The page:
MOSCOW, October 14 (RIA Novosti) - Russia's Culture Ministry has complained to prosecutors about the St. Petersburg authorities' approval of plans for a skyscraper in the city's historic center, a business daily said on Wednesday.
Governor Valentina Matviyenko gave approval for the Gazprom-led project in late September despite the city's historic center being a UNESCO World Heritage site.
According to Kommersant, Russian Culture Minister Alexander Avdeyev submitted a report by Russia's cultural heritage watchdog to a local prosecutor last week, although no details were disclosed at the time. The Roskhrankultura report said it was unlawful to build the 403-meter Okhta business center.
The regulator said the construction of the tower would violate at least two laws, the paper reported.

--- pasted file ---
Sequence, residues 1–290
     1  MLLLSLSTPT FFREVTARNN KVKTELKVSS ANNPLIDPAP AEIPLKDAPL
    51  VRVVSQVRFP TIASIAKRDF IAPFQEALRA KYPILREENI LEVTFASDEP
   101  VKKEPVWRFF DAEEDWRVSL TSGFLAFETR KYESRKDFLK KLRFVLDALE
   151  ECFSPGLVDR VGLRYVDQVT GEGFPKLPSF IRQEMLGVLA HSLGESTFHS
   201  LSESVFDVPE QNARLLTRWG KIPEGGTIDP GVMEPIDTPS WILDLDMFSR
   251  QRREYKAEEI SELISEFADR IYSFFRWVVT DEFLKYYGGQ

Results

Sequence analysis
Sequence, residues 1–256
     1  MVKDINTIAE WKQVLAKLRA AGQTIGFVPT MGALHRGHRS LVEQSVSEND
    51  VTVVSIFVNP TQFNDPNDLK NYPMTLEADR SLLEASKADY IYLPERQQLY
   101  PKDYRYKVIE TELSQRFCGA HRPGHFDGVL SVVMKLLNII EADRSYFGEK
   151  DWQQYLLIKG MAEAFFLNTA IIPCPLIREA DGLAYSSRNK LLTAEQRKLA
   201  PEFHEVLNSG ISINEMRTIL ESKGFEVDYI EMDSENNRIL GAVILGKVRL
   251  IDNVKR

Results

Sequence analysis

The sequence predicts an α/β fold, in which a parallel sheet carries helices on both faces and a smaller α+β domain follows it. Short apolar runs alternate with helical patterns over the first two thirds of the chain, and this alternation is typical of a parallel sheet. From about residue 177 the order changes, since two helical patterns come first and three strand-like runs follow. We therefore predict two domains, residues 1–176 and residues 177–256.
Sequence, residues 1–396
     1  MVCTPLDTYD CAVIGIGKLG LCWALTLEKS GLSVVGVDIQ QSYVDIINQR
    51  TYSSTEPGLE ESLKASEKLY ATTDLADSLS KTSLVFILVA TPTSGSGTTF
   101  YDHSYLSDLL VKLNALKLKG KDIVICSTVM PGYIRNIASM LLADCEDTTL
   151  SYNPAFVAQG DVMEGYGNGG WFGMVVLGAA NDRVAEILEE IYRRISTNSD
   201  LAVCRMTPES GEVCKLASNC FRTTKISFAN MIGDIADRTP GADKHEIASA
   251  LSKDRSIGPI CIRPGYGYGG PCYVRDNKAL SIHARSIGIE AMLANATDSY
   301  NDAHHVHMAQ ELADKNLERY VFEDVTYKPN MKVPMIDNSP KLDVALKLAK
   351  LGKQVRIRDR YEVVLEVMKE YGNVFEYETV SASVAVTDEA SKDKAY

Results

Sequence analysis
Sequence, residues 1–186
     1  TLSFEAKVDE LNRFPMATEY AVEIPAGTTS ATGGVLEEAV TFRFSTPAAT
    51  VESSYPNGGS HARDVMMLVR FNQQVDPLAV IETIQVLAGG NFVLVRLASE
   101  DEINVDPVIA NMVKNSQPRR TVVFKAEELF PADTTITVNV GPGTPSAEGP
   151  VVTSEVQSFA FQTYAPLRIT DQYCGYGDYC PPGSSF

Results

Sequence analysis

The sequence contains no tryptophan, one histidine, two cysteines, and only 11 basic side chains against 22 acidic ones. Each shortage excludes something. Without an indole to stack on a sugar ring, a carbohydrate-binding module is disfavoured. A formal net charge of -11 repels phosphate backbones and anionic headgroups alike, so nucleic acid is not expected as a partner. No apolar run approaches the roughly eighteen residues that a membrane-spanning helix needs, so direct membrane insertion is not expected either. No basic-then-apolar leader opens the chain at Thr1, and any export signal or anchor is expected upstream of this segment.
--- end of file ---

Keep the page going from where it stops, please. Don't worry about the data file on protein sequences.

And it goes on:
First, the potential construction site includes a historical monument, the Swedish Nienshants fortress, which is protected under a 2001 law as a special zone in which buildings can be no taller than 40 meters.
The other major violation occurred on September 1 at public hearings on the increase in the height of the Okhta tower to 403 meters from 100 meters. Participants complained about "aggression" on the part of the police and "physical pressure" by "young men" against opponents of the project.
Hundreds of people gathered in St. Petersburg on Saturday to protest against the proposed skyscraper.